At Indigenous Peoples’ Day in Newton, MA, Priscilla reads to youngsters from her children’s book, A Twisty Vine. For many young readers, it offers their first taste of Taíno, with words and phrases popping up on the pages.
Imagine being told you don’t exist.
And not just you, but everyone like you. All you have to do is read some earlier accounts of the history of America. Or even later ones that drew from these histories.
What you’re told is that you can’t possibly be Taíno because the Taíno are gone. Vanished—from Puerto Rico and all the other Caribbean lands where they were thriving in that fateful year on the European calendar of 1492.
Priscilla Colón never believed it.
Her Puerto Rican parents immediately batted the idea away. You’re Taíno, they assured her, and pretty much left it at that.
So Priscilla, who’s worked with languages for 20 years—translating, publishing, developing curriculum—set out to prove it. To reclaim her heritage: which is to say, to restore the Taíno language.
In this moving conversation she has with Steve, Priscilla publicly announces her Taíno name for the first time. Then she shares, also for the first time, the emotional revelation about her Taíno ancestors that, quite literally, came to her.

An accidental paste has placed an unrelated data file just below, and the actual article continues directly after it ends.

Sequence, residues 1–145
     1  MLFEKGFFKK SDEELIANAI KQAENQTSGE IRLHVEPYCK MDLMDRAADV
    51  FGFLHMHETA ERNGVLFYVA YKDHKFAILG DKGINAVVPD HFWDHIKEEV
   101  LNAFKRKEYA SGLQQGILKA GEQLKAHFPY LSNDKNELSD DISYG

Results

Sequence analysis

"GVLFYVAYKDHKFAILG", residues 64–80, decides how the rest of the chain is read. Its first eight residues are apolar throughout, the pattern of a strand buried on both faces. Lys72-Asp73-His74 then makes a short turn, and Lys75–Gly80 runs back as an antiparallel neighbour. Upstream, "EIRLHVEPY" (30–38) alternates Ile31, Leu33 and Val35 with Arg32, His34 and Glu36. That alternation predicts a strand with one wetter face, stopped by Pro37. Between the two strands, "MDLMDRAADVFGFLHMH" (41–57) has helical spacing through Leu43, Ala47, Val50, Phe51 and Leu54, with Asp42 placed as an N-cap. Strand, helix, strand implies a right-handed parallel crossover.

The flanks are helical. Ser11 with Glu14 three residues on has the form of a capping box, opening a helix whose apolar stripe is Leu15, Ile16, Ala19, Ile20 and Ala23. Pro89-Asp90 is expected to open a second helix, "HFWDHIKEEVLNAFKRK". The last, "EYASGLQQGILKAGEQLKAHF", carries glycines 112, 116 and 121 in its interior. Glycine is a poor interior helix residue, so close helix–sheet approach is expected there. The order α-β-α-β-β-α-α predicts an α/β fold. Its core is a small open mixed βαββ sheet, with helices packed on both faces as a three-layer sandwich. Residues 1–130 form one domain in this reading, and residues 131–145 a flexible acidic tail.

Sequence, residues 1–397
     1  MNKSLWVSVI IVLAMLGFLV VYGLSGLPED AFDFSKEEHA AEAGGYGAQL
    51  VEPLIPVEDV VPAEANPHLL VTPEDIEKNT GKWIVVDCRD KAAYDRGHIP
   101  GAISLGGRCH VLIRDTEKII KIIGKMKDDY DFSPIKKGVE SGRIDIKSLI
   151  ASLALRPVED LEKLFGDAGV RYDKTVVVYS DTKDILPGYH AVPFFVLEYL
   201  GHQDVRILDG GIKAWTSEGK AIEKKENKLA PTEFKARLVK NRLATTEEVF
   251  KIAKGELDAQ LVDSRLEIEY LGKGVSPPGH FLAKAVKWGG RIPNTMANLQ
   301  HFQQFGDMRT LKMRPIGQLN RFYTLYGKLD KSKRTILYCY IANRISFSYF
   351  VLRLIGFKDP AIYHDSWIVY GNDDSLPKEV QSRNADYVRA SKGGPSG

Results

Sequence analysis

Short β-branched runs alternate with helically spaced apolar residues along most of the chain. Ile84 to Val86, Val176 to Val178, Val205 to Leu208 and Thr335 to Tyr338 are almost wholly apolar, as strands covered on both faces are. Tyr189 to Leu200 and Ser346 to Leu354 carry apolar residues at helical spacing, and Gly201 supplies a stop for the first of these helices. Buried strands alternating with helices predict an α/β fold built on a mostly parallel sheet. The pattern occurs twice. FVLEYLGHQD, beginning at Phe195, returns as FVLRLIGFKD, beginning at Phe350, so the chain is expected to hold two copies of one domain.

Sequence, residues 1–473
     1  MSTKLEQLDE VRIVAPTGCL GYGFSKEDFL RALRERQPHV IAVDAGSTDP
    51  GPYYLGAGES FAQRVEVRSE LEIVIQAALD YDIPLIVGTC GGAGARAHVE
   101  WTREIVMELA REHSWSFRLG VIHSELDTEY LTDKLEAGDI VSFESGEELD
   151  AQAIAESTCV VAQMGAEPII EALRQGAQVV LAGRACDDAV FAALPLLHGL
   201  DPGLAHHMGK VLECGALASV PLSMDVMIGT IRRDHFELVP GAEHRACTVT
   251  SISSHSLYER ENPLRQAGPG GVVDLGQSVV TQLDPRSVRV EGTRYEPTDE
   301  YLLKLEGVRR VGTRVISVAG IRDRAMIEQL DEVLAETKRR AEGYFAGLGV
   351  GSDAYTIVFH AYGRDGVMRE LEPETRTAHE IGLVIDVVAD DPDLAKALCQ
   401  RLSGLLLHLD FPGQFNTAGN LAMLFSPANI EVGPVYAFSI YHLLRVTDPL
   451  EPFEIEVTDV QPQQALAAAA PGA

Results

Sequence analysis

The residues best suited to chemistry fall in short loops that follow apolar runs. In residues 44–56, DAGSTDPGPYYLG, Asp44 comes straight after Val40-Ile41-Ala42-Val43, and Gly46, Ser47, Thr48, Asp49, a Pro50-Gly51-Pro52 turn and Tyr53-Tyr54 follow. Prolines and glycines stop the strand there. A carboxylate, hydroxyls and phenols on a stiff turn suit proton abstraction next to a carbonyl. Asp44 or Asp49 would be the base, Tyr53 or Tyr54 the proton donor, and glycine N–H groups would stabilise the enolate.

“After 530 years of silence,” Priscilla says, “the Taíno people are retaking their language.”
Fans of Priscilla’s YouTube videos on Taíno got to meet her at Indigenous People’s Day. “I was in awe of them,” she says. “You just never know who you’re impacting.”
HEAR THE STORY
Listen on iTunes by clicking here: America the Bilingual by Steve Leveen on iTunes. Or on SoundCloud here.
Bonus: hear the story behind Casa Areyto
Hear how Priscilla named the organization she founded to spread the word about Taíno, and what it means. An episode extra:
Learn about Taíno
Get all the info that Priscilla shares on social media and through her newsletter using this one link: https://linktr.ee/casaareyto.
Want to talk Taíno?
Priscilla’s YouTube videos are a marvelous, totally non-threatening introduction to the language and a fascinating look at the culture. You’ll find them through the link above. And you can learn some of the language through either English or Spanish.
Her Taíno headdress tells a story, too
The headdress speaks a language of sorts; read what each color means on both Priscilla’s and her husband’s headdresses.
Bo-guatukán! (Many blessings!)
Among the people who came to hear Priscilla speak at Indigenous Peoples’ Day was a Taíno healer.